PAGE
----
Answer to Question #10400 Submitted to "Ask the Experts"

Category: Radioactive Waste Disposal — Mixed Waste

The following question was answered by an expert in the appropriate field:


Do heavy metal contents like 73As, 125Cd, etc., make the radioactive waste "mixed" and, if so, is there a list of metals and their parts per million that will make them exempt from being classified as mixed? Or must each individual liquid container need to be evaluated?


40 CFR 262.11 provides an identification method to determine whether or not materials intended for disposal should be classified as hazardous waste. The identification method can be conducted by answering the following questions:

  1. Is the material excluded from regulation based on 40 CFR 261.4?
  2. Is the material listed in 40 CFR 261 Subpart D?
  3. If not listed in Subpart D, does the material meet the hazard characteristics of hazardous waste described in Subpart C? This can be achieved by performing specific testing (e.g., toxicity characteristics leaching procedure [TCLP]) or by applying generator's knowledge (e.g., "best guess" knowledge of the constituents used in the "waste" generating process).

Materials that meet the definition of class 7 (radioactive) materials are not considered solid waste as per 40 CFR 261.4(4). However, it is necessary to examine the chemical conditions of the substance for disposal. 10 CFR 261 Subpart D provides "waste" codes for the substances that are considered hazardous. The lists are process-specific and substance-specific. Therefore, specific knowledge of the "contents" and process(es) that generate the residual materials should be considered in order to determine if the residual materials classify as mixed waste or not. From the information provided in your question, it is not possible to determine if the substances should be considered hazardous. Furthermore, it is possible to determine if a substance is hazardous or not based on alternative methods. TCLP tests may be performed to determine if the substances meet or exceed the specific hazardous characteristics and limits described in 40 CFR Subpart C and thus are deemed as hazardous. Generator's knowledge may also be used to determine if the substance's constituents meet the hazardous characteristics. For example, chemical balances of chemical process may be used to determine the waste constituents and quantities and subsequent verification against Subpart D and C, respectively.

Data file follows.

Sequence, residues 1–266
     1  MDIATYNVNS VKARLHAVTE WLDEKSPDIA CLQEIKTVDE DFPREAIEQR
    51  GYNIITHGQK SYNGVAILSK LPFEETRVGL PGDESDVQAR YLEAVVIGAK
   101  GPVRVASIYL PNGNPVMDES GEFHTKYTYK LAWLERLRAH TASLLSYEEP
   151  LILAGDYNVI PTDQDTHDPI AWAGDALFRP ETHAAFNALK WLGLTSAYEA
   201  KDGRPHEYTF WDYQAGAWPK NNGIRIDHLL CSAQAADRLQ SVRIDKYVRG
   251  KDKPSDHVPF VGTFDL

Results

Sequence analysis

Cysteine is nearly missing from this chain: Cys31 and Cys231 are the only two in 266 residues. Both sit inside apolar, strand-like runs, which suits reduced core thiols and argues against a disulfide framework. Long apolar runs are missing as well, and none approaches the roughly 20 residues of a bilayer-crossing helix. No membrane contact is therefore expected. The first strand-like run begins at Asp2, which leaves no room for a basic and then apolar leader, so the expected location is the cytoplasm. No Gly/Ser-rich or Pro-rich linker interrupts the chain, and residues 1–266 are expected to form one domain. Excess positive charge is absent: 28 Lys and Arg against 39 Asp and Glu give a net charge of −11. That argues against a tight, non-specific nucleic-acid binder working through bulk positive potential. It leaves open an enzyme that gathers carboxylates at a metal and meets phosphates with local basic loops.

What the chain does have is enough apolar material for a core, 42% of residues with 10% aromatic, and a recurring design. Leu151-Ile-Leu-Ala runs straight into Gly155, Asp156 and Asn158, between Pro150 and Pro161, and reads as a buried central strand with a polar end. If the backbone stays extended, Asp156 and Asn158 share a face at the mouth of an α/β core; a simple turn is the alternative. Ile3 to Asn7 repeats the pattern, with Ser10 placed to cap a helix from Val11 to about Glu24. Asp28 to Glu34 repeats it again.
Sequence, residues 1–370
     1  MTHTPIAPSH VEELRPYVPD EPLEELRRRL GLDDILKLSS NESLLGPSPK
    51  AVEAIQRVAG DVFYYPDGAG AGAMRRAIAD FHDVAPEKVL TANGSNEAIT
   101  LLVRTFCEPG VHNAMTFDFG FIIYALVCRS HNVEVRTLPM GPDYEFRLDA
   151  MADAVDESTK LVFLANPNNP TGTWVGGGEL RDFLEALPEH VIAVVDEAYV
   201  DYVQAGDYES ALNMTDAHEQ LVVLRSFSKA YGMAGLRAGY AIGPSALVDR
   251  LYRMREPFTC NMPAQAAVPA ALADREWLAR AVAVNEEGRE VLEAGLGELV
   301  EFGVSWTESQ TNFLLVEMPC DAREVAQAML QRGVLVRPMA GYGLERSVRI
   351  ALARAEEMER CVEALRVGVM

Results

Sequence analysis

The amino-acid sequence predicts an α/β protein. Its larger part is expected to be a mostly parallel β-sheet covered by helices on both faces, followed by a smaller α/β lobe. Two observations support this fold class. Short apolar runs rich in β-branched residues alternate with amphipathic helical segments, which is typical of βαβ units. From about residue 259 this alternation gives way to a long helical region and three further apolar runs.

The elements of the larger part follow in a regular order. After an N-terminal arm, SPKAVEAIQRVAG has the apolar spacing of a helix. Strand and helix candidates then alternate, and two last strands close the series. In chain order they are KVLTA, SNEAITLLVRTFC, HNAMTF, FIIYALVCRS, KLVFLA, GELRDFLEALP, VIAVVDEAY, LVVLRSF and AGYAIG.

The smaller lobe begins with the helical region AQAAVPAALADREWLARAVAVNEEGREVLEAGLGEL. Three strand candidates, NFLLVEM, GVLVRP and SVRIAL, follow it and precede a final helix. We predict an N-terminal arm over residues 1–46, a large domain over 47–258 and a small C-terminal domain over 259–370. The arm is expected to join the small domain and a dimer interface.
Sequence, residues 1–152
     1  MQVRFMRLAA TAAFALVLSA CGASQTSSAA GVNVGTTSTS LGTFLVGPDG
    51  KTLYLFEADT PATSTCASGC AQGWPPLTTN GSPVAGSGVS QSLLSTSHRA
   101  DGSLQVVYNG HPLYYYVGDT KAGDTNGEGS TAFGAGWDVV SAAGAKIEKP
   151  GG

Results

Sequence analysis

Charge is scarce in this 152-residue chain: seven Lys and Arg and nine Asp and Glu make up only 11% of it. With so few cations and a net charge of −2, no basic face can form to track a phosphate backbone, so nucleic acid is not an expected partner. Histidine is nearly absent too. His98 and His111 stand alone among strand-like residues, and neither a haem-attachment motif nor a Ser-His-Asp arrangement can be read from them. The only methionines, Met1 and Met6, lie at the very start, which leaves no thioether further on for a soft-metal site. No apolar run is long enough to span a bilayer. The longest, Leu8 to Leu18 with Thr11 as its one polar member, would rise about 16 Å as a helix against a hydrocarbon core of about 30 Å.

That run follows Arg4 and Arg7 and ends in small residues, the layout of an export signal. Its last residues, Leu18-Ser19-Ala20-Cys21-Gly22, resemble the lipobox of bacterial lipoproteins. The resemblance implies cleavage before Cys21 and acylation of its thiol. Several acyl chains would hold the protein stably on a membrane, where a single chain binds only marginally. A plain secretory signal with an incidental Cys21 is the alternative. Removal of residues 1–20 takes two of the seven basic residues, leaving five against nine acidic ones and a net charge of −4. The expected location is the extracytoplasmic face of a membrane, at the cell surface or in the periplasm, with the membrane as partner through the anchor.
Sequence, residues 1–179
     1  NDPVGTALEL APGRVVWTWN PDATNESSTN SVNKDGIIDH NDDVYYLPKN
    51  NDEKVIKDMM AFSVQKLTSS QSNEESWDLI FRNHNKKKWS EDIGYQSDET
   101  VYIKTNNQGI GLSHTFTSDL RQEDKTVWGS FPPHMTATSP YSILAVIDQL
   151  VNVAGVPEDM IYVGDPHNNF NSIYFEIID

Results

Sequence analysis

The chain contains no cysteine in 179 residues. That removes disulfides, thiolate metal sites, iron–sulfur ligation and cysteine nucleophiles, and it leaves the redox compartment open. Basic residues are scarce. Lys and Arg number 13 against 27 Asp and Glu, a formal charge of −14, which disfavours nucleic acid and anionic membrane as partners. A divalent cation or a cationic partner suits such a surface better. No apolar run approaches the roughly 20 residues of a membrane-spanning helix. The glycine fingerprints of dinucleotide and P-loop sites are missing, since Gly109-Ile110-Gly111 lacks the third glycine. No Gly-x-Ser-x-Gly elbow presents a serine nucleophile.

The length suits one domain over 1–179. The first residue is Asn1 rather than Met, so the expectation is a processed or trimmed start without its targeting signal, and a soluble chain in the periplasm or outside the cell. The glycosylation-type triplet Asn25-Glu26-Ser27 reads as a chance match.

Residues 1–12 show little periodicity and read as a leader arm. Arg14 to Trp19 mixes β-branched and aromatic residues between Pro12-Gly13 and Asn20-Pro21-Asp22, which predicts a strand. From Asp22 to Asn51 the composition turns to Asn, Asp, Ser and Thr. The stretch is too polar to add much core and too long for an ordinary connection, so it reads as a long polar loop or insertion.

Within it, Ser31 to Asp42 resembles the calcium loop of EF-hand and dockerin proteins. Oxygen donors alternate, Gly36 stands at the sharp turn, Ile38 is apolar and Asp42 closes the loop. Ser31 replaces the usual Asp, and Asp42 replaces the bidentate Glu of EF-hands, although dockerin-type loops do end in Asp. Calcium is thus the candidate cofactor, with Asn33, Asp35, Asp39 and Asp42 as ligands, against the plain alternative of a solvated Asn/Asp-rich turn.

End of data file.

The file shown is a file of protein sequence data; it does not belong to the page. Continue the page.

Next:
Based on the aforementioned process and the information provided in your question, we can conclude that if the substance containing radioactive materials is listed in Subpart D or does meet the hazardous characteristics or limits listed in Subpart C, then the substance should be considered as "mixed waste." For the purpose of disposal, the disposal facility may impose acceptance limits. These may be based on regulatory limits or explicit limitations on the disposal methods.

I always suggest that you consult with the disposal facility or processor in order to determine the specifics that are applicable to your material for disposal. These interactions are not only of benefit for the generator to characterize the "waste" material, but also ease the disposal process.

Manuel Diaz

Answer posted on 12 September 2012. The information posted on this web page is intended as general reference information only. Specific facts and circumstances may affect the applicability of concepts, materials, and information described herein. The information provided is not a substitute for professional advice and should not be relied upon in the absence of such professional advice. To the best of our knowledge, answers are correct at the time they are posted. Be advised that over time, requirements could change, new data could be made available, and Internet links could change, affecting the correctness of the answers. Answers are the professional opinions of the expert responding to each question; they do not necessarily represent the position of the Health Physics Society.